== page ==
# Prime products

• eljose

#### eljose

Is this equaltiy exact?:

$$\Pi(a_p+b_p)= \Pi(a_p)+\Pi(b_p)$$

where both products a_p,b_p and (a_p+b_p) converge

another qeustion $$\Pi 1=1$$ ?

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your first conjecture is vacuous i think, though i haven't checked properly: there is no situation where all three products can exist for the usual definitions of convergent products, namely, prod(1+x_n) converges iff sum(x_n) converges. and besides, does it even seem reasonable? if the index set were finite it is false.

and yes for the second one.

The equality is not exact -- it's not in the ballpark. It's impossible for all three of those infinite products to converge.

Yes, the infinite product of the constant 1 is, in fact, 1, as can be easily seen by taking the limit of the partial products.

how about $$a_p=1 , b_p=\frac{1}{1-p^{-s}}$$they both converge, if the equality is exact the sum:

$$a_p-b_p=\frac{p^{-s}}{1-p^{-s}}$$ the product would converge to

$$1-\zeta(s)$$ being R(s) riemann,s zeta function..is that true?..

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did you not read the posts above?

yes i have read the post, i have given two converging products and i would like to know if the equality $$1-\zeta(s)=\Pi\frac{p^{-s}}{1-p^{-s}}$$ is exact, because you can see that all the products

a(p)=1 b(p)=1/1-p^{-s} and a(p)+b(p) converge for certain values of s and how about?...

$$1+1/\zeta(s)=\Pi(2+p^{-s}$$

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so, you'vwe been told that if prod(1+x_n) is convergent, and so is prod(1+y_n) then the prod(1+x_n+1+y_n) cannot be convergent. so why are you still asking if it is possible?

let p+n be the n'th prime.

let 1+y_n = a_{p_n}-b_{p_n} and 1+x_n= b_{p_n}. you are claiming these both converge, therefore, for whatever value of s this correpsonds to, to a_{p_n} cannot converge. but a_p_n=1 so actually (at least one of) the other two products cannot exist.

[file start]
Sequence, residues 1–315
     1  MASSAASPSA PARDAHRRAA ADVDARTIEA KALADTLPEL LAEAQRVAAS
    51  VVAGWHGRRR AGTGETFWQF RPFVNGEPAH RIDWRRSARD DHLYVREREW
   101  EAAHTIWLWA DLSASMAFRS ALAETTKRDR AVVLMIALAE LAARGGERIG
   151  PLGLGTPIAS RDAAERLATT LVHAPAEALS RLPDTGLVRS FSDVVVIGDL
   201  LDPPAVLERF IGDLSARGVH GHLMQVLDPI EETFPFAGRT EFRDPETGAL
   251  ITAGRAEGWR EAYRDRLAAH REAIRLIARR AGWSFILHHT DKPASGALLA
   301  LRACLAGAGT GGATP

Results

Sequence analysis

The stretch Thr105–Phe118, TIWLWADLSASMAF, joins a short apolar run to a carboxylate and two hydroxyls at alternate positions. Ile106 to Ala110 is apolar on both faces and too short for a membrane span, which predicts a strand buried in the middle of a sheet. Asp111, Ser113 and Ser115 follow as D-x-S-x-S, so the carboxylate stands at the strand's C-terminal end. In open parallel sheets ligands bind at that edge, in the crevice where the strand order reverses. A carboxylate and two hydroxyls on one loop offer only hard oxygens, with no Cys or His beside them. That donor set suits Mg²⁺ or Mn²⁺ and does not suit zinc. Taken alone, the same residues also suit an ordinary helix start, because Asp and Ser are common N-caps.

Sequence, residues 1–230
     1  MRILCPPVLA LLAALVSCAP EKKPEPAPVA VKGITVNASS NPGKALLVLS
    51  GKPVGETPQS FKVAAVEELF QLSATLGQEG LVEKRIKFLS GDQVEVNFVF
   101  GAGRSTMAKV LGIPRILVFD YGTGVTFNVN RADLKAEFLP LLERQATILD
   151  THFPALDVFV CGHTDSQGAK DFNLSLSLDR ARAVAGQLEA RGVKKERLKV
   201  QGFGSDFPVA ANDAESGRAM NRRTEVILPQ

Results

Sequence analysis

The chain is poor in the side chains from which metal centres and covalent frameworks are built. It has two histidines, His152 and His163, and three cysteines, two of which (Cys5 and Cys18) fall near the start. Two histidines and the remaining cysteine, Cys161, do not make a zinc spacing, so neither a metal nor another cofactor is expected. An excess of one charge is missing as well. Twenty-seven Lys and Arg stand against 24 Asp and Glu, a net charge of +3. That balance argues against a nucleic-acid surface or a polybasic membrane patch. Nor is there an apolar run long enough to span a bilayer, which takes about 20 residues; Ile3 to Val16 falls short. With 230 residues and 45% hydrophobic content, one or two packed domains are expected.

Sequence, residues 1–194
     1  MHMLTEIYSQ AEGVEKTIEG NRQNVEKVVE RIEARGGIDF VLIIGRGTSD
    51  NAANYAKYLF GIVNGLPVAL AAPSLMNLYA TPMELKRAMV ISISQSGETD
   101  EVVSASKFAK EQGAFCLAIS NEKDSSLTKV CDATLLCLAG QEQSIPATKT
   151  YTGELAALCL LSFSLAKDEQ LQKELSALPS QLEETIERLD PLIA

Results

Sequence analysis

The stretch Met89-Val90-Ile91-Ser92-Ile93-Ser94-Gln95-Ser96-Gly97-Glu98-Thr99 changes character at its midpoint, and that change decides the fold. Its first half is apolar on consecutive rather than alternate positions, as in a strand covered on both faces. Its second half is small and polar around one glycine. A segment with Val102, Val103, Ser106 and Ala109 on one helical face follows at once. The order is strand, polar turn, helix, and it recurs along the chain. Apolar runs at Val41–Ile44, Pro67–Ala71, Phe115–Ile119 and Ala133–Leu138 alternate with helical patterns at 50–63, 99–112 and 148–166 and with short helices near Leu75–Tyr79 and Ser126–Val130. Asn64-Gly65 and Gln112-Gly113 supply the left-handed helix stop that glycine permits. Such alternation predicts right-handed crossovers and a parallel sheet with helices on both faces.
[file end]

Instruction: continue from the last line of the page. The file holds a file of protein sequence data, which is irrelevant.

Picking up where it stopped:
could you help me with these product and say if they converge and what would be their value?..

$$\Pi\frac{2+p^{-s}}{1+p^{-s}} \Pi2-p^{-s}$$

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it converges iff the sum of 1/(1+p^{-s}) work out when this can happen, eg by the sandwich principle say. i think you'll find it's approximately when s<-1 (assuming s real) which as we know is out of the range of the region of convergence for the zeta function.

edit: now you've changed it. and $\prod 2$ doesn't make sense, really. what's the insdex? why is there a stray p^-s involved? why am i bothering to help you since you never listen to me anyway?

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matt grime said:
it converges iff the sum of 1/(1+p^{-s}) work out when this can happen, eg by the sandwich principle say. i think you'll find it's approximately when s<-1 (assuming s real) which as we know is out of the range of the region of convergence for the zeta function.

edit: now you've changed it. and $\prod 2$ doesn't make sense, really. what's the insdex? why is there a stray p^-s involved? why am i bothering to help you since you never listen to me anyway?
Reading his code, not that it really matters anyway, it's meant to be displayed as:

$$\prod \left(\frac{2+p^{-s}}{1+p^{-s}}\right) \prod \left(2 - p^{-s}\right)$$

Although to me it still seems quite ill-defined, but never mind.

well, that never exists since the second product never exists; the terms either converge to zero or diverge to (minus) infinity.

can you help me i need to find a product so:

$$1+1/\zeta(s)=\prod f(p)$$

almost certainly not since there isn't even a product for zeta(s) that works for all s.